poetry in action

Sorry to do this to you on your bank holiday, but to be a practicing poet these days is to be the direct polar opposite of the cave or garret-dweller – no, you have to get out there! So I’m going to have to draw attention to myself again, but mainly in the cause of drawing it to other people. In fact, I have two crossover transatlantic poetry puffs for you.

1. A Bank Holiday Monday poetry reading

If your bank holiday evening seems a bit flat, anti-climactic, bathetic, it’s not too late – you can still have fun! Ernest Hilbert, the laid-back bard of E-Verse Radio and Sixty Sonnets fame, and a wonderful reader, is over from the USA for one reading only, tonight, in Bloomsbury. To give him the best of a London welcome we’ve got the always-riveting Richard Price reading, and Jon Stone from his new pamphlet, Scarecrows), and me. Maybe some new stuff. And I might even read my poem Richard Price.

It’s at 7pm – Lamb Pub, Lamb’s Conduit Street, London WC1 – £3 at the door and a snip at the price. (But we won’t give you the snip. That’d be extra.)

2. A gratifying take on the London poetry scene

At least a little part of it. Regular readers may recall that POETRY magazine senior editor, Salt poet and blogger Don Share was in the UK recently, and took part in a food-themed reading at the Betsey Trotwood pub in honour of Craig Arnold… It was one of Roddy Lumsden’s famous themed poetry events, which are notable partly for the fact that if you’re taking part you have to write a new poem for the occasion – so they create a novel sense of the level playing field, and help generate new work, and the atmosphere is always one of having fun rather than showing off (or whatever you think poets do normally). (Don’t worry – we’ll all be showing off hideously this evening.)

Well, Don has gone away back to Chicago now and blogged his impressions of the night. Admittedly, it was the longed-for arrival of a friend from afar, so his account isn’t as impartial as, say, a judge’s. But it is very interesting and gratifying to read an account of  how we look from the outside, and find it good. Like getting a phone call after your child’s been to tea somewhere, and the other mother’s going on about how they helped to clear the table without being asked. Yes!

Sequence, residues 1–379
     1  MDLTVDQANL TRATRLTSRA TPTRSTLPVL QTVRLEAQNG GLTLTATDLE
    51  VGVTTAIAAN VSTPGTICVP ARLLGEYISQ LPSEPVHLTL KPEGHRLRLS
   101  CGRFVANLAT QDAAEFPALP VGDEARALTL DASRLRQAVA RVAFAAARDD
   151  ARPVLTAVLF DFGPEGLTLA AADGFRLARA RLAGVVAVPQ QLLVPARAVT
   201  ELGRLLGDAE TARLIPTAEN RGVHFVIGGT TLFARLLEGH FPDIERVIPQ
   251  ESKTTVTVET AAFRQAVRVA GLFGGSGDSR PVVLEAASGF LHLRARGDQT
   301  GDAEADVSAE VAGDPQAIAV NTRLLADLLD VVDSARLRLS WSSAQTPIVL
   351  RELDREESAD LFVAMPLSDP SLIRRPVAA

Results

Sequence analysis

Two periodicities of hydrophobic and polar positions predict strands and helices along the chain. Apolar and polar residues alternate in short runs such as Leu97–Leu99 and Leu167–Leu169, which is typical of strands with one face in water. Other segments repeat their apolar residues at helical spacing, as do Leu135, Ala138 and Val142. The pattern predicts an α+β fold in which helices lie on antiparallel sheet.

Don says, “Roddy puts together themed multi-poet events that have warmth, spirit, and heart” – and this is true. I think it’s a good thing to remember as we go through our own shark-infested version of the native waters. He also says, “One salutary thing about UK readings is that poets read work by other people in addition to their own.” It’s salutary to hear that this is salutary; and I do indeed really like reading other people’s work. Maybe even more than reading my own.

I laughed when I read that he “especially enjoyed seeing Tim Wells, who has absolutely no counterpart in the US – click here for proof!”

And best of all, after saying some very nice things indeed about me (blush), Don says: “Katy has a witty new chapbook called Oscar & Henry, that saucily mashes up Oscar Wilde and Henry James…”

Well, I had to share it. I know it’s a bit of a love-fest, but as I say, it’s like being told you have the best kid in the world. And as for Don, his assigned letter was P. (Mine was Q, and I wrote an anecdote about a quince.) He wrote about Pronto Pups – a Memphis speciality, apparently, and a sort of breed of corn dog (which is a hot dog in cornbread) – and I will just say that I think London is now craving its own Pronto Pups! It was an electrifying reading.

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